Using a long thin knife, cut around cake to loosen. Remove pan sides. Gently spread 3/4 cup of remaining curd over cake. (I prefer to refrigerate the cake at this point and take the reserved mousse out to warm up to room temperature or close to it, about an hour.)
Transfer reserved mousse to pastry bag fitted with a star tip. Pipe rosettes of mousse around top edge of cake. Chill cake until ready to serve. (Can be made up to 8 hours ahead.)
- First of all, the cake has to be refrigerated for quite a while for the mousse to properly set up so it’s a great make ahead recipe. You’ll need to allow for this; at least 8 hours, preferably overnight. That makes this a beautiful recipe to make ahead for a part or event. I like to start two days ahead with the lemon curd and crust.
- The lemon curd needs to be made several hours ahead of the mousse (at least 4 to 6 hours) and the crust has to be baked and cooled before assembly. If you do both of these steps a day before you make the mousse you’ll make it much easier on yourself.
- When I make the curd, I strain the eggs and egg yolks before adding them especially if I can see quite a bit of the white chalazae. It really just depends on the eggs, not the skill of the cook. I don’t worry about the whites going into the mousse. It’s much easier to strain the eggs than the finished curd.
- Speaking of eggs, this recipe does contain raw egg white, so be aware of the safety aspects. You can use pasteurized eggs or do what I do and put the egg whites and sugar in a double boiler and gently heat, whisking, before whipping into stiff peaks.
- You’ll use a lot of eggs! 4 yolks plus 4 whole eggs in the curd and 6 egg whites for the mousse. That’s 10 eggs. Do yourself a favor and separate the ones that need to be separated all at once. Set aside your four whole eggs for the mousse, then divide the 6 eggs and yolks. You’ll put all six whites aside in the fridge for the mousse the next day. For the yolks, you’ll be using four and have two extra.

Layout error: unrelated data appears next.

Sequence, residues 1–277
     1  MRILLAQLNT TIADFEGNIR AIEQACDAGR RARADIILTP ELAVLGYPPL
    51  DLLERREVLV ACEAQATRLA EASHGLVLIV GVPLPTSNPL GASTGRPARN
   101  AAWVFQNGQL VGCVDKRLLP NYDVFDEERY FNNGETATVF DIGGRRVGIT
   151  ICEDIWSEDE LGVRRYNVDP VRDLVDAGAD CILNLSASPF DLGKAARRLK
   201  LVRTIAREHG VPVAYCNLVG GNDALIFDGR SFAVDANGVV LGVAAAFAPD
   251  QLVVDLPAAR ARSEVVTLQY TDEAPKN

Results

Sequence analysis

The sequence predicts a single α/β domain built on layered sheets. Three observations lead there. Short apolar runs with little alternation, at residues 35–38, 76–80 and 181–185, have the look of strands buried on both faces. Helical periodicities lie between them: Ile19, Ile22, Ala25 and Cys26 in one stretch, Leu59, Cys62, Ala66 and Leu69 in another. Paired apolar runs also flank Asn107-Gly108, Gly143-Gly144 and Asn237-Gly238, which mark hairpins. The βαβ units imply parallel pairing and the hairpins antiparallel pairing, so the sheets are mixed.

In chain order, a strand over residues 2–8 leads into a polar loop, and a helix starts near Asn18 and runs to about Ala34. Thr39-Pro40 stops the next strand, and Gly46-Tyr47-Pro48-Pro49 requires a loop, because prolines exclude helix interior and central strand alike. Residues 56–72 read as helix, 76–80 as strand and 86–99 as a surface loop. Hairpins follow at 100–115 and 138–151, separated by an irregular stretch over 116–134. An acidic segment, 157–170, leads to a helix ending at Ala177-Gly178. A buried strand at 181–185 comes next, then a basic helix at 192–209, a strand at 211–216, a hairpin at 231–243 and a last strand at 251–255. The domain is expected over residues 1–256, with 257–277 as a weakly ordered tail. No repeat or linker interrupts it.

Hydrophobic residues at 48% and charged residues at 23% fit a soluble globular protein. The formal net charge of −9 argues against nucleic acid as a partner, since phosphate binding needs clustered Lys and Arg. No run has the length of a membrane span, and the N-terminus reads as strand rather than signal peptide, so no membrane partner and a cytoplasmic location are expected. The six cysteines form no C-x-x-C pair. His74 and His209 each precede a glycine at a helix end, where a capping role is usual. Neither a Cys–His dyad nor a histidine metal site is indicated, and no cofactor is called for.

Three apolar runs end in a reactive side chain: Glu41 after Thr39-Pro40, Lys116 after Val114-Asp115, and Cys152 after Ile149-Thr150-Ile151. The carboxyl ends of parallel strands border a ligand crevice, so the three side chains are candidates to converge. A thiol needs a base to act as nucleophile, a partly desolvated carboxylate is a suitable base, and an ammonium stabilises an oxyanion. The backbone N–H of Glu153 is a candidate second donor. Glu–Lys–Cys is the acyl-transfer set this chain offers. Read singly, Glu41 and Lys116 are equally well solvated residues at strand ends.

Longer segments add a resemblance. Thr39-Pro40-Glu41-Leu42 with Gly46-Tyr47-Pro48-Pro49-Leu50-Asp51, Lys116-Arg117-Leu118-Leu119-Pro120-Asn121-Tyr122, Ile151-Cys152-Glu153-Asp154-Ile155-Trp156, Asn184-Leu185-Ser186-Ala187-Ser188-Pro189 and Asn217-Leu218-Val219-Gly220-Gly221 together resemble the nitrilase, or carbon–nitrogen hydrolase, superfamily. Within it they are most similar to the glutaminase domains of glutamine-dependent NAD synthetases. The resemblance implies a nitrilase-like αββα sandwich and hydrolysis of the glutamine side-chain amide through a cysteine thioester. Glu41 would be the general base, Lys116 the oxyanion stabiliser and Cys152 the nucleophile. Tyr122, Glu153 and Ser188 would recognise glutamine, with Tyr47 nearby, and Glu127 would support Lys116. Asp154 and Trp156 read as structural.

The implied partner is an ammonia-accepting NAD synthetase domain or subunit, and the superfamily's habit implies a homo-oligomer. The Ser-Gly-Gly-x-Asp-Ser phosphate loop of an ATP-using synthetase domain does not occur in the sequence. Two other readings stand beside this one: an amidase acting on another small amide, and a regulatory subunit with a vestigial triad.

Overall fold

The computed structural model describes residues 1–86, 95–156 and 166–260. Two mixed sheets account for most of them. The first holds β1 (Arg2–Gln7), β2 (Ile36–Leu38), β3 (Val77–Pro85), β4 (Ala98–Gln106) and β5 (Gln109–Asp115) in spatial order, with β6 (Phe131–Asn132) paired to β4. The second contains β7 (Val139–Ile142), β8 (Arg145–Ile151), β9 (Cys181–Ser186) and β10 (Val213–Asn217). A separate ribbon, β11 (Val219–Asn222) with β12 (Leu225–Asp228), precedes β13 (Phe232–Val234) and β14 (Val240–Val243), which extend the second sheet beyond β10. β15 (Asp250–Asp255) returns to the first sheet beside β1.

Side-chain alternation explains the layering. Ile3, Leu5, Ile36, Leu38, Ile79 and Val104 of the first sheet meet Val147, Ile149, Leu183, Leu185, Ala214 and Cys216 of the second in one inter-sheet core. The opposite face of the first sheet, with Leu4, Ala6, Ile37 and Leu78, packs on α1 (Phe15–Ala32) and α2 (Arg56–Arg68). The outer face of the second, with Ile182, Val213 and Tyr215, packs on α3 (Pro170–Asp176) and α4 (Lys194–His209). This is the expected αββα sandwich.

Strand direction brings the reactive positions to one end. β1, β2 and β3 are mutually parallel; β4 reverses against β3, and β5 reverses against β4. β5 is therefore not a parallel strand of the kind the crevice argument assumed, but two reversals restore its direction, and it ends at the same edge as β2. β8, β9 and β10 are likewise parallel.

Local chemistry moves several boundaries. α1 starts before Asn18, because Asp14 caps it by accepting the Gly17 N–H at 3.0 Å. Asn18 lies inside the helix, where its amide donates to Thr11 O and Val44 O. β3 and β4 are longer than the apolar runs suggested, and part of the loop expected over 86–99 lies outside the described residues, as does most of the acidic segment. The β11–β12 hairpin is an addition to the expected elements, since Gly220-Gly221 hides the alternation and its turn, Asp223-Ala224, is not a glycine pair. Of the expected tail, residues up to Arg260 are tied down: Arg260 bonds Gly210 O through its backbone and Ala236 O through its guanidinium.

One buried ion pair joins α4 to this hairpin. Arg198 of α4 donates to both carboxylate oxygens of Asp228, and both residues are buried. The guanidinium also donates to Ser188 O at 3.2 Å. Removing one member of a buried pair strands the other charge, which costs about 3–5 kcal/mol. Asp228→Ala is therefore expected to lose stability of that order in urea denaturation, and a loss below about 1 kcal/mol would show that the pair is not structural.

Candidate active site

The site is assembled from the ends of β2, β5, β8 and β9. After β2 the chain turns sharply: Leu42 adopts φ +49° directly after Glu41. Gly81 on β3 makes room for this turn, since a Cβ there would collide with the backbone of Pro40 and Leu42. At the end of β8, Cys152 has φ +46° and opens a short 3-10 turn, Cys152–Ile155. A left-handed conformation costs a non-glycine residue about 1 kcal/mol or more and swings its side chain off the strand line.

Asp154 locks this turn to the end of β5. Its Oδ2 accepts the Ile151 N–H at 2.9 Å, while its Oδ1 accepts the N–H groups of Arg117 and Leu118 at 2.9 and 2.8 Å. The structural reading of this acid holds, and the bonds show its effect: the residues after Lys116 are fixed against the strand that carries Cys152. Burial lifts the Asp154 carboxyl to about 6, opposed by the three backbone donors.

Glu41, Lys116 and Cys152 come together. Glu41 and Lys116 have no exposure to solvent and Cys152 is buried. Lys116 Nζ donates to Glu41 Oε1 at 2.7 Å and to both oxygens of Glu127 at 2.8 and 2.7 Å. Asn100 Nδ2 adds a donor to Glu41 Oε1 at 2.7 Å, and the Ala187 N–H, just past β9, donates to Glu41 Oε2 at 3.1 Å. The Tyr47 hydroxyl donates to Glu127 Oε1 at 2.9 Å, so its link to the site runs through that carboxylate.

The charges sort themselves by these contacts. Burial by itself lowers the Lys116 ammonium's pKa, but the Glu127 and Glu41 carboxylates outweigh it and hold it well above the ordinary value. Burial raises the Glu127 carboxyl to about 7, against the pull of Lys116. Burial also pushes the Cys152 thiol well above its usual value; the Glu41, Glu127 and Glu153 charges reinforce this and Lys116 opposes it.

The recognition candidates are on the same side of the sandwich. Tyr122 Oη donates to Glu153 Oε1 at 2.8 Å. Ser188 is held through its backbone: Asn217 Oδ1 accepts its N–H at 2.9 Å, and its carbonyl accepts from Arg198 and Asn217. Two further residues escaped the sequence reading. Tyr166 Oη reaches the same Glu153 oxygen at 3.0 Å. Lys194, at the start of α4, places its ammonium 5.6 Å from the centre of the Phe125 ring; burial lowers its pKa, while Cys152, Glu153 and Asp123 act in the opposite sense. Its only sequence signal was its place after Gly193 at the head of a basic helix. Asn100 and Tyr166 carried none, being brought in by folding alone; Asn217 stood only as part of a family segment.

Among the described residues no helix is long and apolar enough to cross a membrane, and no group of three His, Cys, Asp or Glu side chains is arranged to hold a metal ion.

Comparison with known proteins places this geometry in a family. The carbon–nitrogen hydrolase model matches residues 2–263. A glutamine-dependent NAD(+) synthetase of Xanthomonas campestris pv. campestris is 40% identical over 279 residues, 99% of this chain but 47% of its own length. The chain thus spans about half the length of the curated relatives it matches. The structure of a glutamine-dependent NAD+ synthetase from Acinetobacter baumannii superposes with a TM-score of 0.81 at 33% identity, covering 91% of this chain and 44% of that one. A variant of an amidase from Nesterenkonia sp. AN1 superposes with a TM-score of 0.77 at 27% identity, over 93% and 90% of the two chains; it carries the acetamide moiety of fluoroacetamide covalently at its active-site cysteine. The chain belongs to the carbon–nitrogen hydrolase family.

- Instructions say to make this in an 8 inch spring form pan; I did today, but usually make it in a 9″ pan. In my very standard spring forms, with an 8″ the crust is quite thick and I end up with about 4 cups of mousse left over. In a 9″ the measurements work out a bit better. Although, you’ll lose just a touch of drama in the width to height ration, it’s still plenty high. I like how a bite of this cake, when made in the 9″ pan, has a good ration of curd to mousse.
- While the recipe says the filling should be even with the top of the pan, I try to very gently smooth so there is a very teensy rise, not even noticeable, about 1/4″ around the edge. That helps keep the curd in place. Also, don’t put the curd all the way to the outside edge. Leave a slight border; otherwise, when you pipe the rosettes, the curd will be pushed to the edge and drip down the side and may even take the rosettes with it.
- The crust is good with shortbread or gingersnaps. I look for Lorna Doone or Walker shortbread cookies. Today I used Sandies and I used 21 of them.
- When working with the gelatin and curd, make sure to follow the instructions closely. Heat the gelatin gently while stirring until it is no longer opaque. It won’t really be “clear” as the recipe states and there may be a little foaminess from the stirring. You can check it by running a bit of the liquid between your fingers. It if’s perfectly smooth and warm, it’s good to go.
- Make sure to stir the gelatin into the warm curd, then whisk it into the large bowl that contains the 1 3/4 cups of curd. These steps prevent the gelatin from setting prematurely in the cold curd and causing lumps. I do not find this tastes of, or find the texture, to be at all gelatinous using the four teaspoons of gelatin.
- When you add the curd to the top layer, DON’T STIR IT! It will very likely turn watery. Just gently spoon across the top and nudge it into place, smooth it a little and it will find it’s level. This isn’t a thick, thick curd, so don’t use it for other cake recipes and expect it to stand up.
- I like to spread the curd on the Lemon Curd Mousse cake while it’s in the pan and then refrigerate again for at least an hour. I generally bring the remaining mousse up to room temperature during that time and pipe the rosettes on right before serving.
- While this extra chilling step is really not strictly necessary, it will help keep the curd from getting too drippy.
- Many people complain this dessert is too sweet. Feel free to cut back on the sugar, but served in fairly thin slices (it’s supposed to serve 12) and served well chilled, I think it’s perfect. If there’s any left over, I find people will literally bicker for any remaining slices.
- Don’t expect this to travel well for long periods of time, and if you are, bring the well chilled cake in the spring form pan, along with the rest of the curd and mousse and your piping bag along with to assemble at the destination & keep it cold.